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Replacing your insulated cover isn’t cheap, but it’s something every hot tub owner has to do every so often. Age is one indicator that the cover needs changing, but there are also six other signs to look out for.
Hot tub covers have a lifespan of about 4-6 years. Signs that your cover needs to be replaced are when it becomes waterlogged and heavy, it sags in the middle, the vinyl skin is damaged, the stitching is coming apart, the straps and other parts are broken, and when the cover has a foul odor.
The initial outlay of replacing your cover is a lot, but it pays for itself over time by reducing maintenance and energy costs.
A cover’s base material makes a significant difference to its lifespan. At the end of this article, I’ll show you what to look for when purchasing a new cover to get the most bang for your buck.
1. Cover Is Waterlogged and Heavy
Water is more than 30 times more efficient than dry air at transferring heat energy. Simple foam is an excellent heat insulator if it stays dry. And manufacturers try to keep the foam dry by covering it with a waterproof skin.
The thin vinyl or the plastic skin covering a hot tub cover will crack over time, exposing the foam core. Both the foam and the skin will break down through exposure to UV rays and the chemicals you use to keep your spa water clean.
The foam is there to insulate the water from the cold air, keeping the warmth in the hot tub. The foam traps pockets of air within its cells, preventing the warm, humid air beneath the cover from meeting the colder air outside.
But this foam insulation is porous and will take on water, replacing the air in the foam as more holes open in the skin. The more water the foam takes on, the faster it will degrade and begin to fail as an insulator.
Snow and debris from plants falling onto the cover can cause irreversible damage as they puncture the skin. As the snow melts, the damaged cover will become sodden and heavy due to waterlogging.
Waterlogging may even force the cover down and into contact with the surface of the water.
2. Cover Sagging in the Middle
Cupped covers are often a sign of aging, and even if you look after the cover’s skin, the insulating foam will still give up. Sagging is an indicator that the foam is falling apart on the inside of the skin.
The average lifespan for a hot tub cover is around five years. After this time, you will see cracks appearing, stitches failing, and the foam core bending in the middle.
If your cover bows, it will lose heat. Even if the cover is still intact, you will notice your energy bills going up as the insulation fails and as you try to keep the water temperature up.
You may see that the corners of the cover are no longer touching the corners of the hot tub. This gap will allow air to circulate over the water and for steam to escape, reducing the temperature inside your spa.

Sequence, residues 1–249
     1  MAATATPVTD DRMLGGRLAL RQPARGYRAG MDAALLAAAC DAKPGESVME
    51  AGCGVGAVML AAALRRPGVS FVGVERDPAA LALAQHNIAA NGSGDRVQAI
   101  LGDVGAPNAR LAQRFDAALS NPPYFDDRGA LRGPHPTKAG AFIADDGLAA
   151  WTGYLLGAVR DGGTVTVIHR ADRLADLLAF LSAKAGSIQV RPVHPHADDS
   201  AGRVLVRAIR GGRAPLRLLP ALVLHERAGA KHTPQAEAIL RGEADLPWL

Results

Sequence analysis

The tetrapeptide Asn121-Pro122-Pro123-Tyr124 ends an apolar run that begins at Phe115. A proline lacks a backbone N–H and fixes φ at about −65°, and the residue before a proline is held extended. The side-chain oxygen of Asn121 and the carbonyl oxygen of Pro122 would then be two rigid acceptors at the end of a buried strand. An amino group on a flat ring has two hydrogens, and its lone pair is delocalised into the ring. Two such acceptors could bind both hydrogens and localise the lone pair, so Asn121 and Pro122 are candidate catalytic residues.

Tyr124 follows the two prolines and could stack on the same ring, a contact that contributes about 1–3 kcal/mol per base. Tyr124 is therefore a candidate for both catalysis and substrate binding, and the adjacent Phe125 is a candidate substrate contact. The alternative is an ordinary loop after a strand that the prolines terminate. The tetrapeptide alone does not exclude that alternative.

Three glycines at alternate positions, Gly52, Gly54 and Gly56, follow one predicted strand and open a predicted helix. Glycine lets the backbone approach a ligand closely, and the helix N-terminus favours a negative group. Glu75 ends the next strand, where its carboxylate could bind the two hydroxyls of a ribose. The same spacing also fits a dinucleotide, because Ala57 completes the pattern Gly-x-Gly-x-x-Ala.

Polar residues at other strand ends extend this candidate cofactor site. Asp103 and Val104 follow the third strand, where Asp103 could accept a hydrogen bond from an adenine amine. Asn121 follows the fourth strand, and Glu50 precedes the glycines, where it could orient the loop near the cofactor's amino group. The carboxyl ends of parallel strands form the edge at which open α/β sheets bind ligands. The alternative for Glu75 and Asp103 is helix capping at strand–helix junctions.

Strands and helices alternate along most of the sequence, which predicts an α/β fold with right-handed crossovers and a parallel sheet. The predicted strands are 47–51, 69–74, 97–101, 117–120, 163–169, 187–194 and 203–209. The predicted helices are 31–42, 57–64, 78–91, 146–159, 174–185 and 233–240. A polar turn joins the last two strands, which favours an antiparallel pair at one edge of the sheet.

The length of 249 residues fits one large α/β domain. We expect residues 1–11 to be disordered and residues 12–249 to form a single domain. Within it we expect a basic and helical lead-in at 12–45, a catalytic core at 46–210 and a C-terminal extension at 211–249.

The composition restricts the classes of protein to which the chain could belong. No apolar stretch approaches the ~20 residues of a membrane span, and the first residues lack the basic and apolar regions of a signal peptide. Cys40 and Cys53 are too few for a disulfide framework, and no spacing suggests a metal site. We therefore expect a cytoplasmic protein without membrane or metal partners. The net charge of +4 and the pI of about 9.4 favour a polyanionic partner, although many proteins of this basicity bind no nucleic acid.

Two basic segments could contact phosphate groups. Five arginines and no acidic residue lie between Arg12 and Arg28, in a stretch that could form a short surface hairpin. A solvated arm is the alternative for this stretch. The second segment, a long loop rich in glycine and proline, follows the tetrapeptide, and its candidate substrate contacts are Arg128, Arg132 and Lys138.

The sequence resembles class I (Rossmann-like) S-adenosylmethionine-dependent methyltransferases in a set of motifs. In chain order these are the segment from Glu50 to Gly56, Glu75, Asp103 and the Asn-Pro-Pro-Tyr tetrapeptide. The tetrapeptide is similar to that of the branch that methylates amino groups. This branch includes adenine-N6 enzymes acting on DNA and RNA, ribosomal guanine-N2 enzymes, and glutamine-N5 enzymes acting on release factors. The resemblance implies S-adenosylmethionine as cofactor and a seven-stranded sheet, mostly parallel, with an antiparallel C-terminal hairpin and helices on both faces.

As vapor escapes from a sagging cover, it takes the chemicals with it, meaning you need to use more chemicals to keep the hot tub water clean.
Towards the end of the cover’s life, cupping will also cause rainwater and condensation to pool. As the water pools in the dip, it destroys the skin material even faster and puts more strain on the stitching, which causes it to tear further.
Can I Just Replace the Foam Core Inside My Hot Tub Cover?
If your cover is over five years old, it is coming to the end of its life, and you may want to replace part or all of it. New covers are expensive, but it is possible to change out the perished foam on some older covers.
The cost of the foam is around 60-70% of the cost of the entire cover, so you can make a substantial saving from replacing a panel. Some manufacturers do offer replacement foam panels for their designs, but often these will not fit other brands of hot tub cover.
The replacement foam can also be an upgrade. Better manufacturing and grades of foam may last longer and offer better insulation. Some vinyl covers come with zippers to make swapping out the foam easier.
Plastic hot tub covers will be heat sealed, and even though the foam may have broken down, plastic covers are often too difficult to open and reseal.
3. Outer Vinyl Skin Is Torn, Cracked, or Discolored
The outer vinyl skin does more than improve the visual appearance of the hot tub while the cover is on. The vinyl seals the interior foam, protecting it from the chemicals in the water, UV from the sun, and weather damage.
The cover keeps in the heat, keeps out debris, and prevents children and pets from falling in. Cracks or tears in the vinyl casing will compromise the integrity of the entire cover. And as the cover gets older, the skin will become brittle and impossible to repair.